The 2014 edition was held today, with 66 players taking part. Amaroo is a K-10 school, but entry is restricted to 4th grade and above. While the bulk of the entries came from the 4,5 and 6 graders, there was still a healthy entry from the high school students. My role at the event was the arbiter, and it was one of the easiest school event I have ever run in my 30 years of chess. A lot of the credit must go to Belinda Robertson, and the chess program she has run at the school over the last 6 years. All the students who took part who both familiar with the laws of chess, and more importantly, familiar with how chess tournaments are run. Before we started there was a thought we might only have time for 5 rounds, but due to the knowledgeable field, we played the full 7 rounds by 1pm, leaving plenty of time to pack up and hand out prizes.
Rarely for a school event there were no disputes, no one cried, and I only had to answer a couple of queries. I was a little bit gentle with the new FIDE 'Illegal move' loses Rapidplay rules, by implementing a '2 strikes and you're out' system, and even then players had the option of not reporting the first illegal move to me. I did get suckered by one player who innocently asked me if you could mate with K+B v K. Thinking he was about to make a draw claim I said no, but he then used this information to sacrifice his bishop for his opponents last pawn, before claiming the draw!
The winner of the event (on countback after a 3 way tie) was Vivian Lam, who also won last year. In fact each of the 3 editions of the championship have been won by a female student, which is another reason it is a rather special event.

Wednesday 3 December 2014

2014 London Chess Classic

It might be a long way from Canberra, but the London Chess Classic is still an important event on my radar (and one day I might even get to visit). This year sees the return of the 'classic' tournament, with the main event being a 6 player RR. This years field consists of Caruana, Anand, Nakamura, Giri, Kramnik and Adams. But before they sit down to play chess at long time controls, they are all taking part in the Rapidplay Open that precedes their tournament. There is also a 9 round FIDE Rated Open, a conference on Chess in Schools, and a number of other side events.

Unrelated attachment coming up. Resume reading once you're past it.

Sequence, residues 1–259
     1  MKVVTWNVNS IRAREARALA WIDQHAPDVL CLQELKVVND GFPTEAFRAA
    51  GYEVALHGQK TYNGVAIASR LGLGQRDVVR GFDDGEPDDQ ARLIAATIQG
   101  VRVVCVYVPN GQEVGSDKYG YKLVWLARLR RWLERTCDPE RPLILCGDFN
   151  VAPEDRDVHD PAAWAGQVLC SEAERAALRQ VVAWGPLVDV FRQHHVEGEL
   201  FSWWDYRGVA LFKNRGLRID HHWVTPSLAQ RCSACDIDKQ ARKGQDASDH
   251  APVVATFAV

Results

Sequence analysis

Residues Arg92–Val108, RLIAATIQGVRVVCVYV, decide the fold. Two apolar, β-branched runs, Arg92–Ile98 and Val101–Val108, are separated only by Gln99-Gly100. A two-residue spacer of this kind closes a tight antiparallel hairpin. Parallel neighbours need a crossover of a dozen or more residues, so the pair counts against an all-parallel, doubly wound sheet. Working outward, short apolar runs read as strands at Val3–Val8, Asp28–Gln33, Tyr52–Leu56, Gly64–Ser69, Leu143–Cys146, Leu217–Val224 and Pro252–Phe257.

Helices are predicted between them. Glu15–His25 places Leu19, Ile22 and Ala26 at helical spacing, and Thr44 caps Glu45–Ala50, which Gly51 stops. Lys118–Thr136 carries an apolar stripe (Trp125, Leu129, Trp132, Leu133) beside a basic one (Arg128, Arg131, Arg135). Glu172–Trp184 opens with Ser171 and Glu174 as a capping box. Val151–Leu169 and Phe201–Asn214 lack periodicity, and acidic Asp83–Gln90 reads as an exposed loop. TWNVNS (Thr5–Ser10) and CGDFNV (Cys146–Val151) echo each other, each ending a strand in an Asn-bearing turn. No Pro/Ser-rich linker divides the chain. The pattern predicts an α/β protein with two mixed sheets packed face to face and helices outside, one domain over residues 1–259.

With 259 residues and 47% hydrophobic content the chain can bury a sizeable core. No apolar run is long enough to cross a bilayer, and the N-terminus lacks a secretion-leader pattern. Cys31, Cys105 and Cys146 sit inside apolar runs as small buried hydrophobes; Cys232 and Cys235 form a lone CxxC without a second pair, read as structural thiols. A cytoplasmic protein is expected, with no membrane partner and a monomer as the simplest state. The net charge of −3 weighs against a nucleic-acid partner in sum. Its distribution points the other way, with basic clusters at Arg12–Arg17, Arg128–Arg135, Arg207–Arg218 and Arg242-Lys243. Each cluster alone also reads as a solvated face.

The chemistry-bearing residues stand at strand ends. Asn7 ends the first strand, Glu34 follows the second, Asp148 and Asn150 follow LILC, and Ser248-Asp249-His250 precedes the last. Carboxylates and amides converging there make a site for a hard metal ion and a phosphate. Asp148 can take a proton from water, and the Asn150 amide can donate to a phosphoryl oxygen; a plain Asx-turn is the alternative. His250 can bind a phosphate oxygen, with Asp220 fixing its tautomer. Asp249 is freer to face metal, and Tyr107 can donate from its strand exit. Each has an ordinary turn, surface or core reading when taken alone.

The best place to find out more information on the event is at the tournament home page. I've spotted a number of Australian players in the entry list (IM John Paul Wallace, IM Ari Dale and Derek Yu) and I am sure a few others might pop up at the last minute. The whole thing runs from the 6th December through to the 14th, and based on the number of entries for the supporting events, it should be a huge success.

Tuesday 2 December 2014

And then there were 2

While Vladimir Kramnik seemed to have a little difficulty in coming to grips with the nuances of the swiss tournament, Anish Giri was more at home in the Qatar Masters, reeling off 6 wins from 6 games. In doing so he has taken a point and a half lead over everyone, with one exception, Vladimir Kramnik. Having drawn his first 2 games, Kramnik has climbed back to the top board after 4 straight wins. This has set up the rather juicy Kramnik v Giri pairing in tonight's round. Kramnik has the white bits for this game, and as I write this they are just getting into a Catalan middle game.
I'm not sure what Kramnik thought of the experience of playing in the middle tables of a tournament, but it seems that he wanted to get out of there pretty quickly. An clear example of this was his 5th round game against Sanan Sjugirov. The game only lasted 25 moves and looked like 'hack v hack'. In the end Sjugirov tries to finish of Kramnik with a piece sac, but it turned out that Kramnik was the one with the mating attack.

Kramnik,Vladimir (2760) - Sjugirov,Sanan (2673) [A05]
Qatar Masters Open Doha (6.2), 01.12.2014

Monday 1 December 2014

A successful Movember

For the last 7 years I have tormented friends and family by participating in the annual Movember fundraiser. If you are unfamiliar with the concept, the idea is to spend November growing a moustache. You start on November 1, and do not shave your upper lip until December 1.
This year was a very successful fundraising month for me, with a large number of donations. I also managed to grow a mo good enough to make the finals of the Canberra Movember judging, in the Ulti-Mo section. I did not win this year, but next year some creative clothing might be enough to put me over the top.
I was not the only chessplayer taking part btw. IM Guy West also took part, and Michael Freeman braved the Northern Territory heat to grow his own tache.
But all weird things come to an end, and I spent the morning hacking off my months growth. I wont scare you with the pics taken during my facial hair surgery, but I will give you the classic before and after shots.

Saturday 29 November 2014

King of the lounge room

Getting into competitive chess can be tough, especially if you start as an adult. There is a pretty big step between playing with your friends, and turning up to a rated competition where everyone is super serious. As I have noted preciously, this can turn into a big disincentive for new players, as getting beaten in every game can be discouraging, no matter how close you came to winning.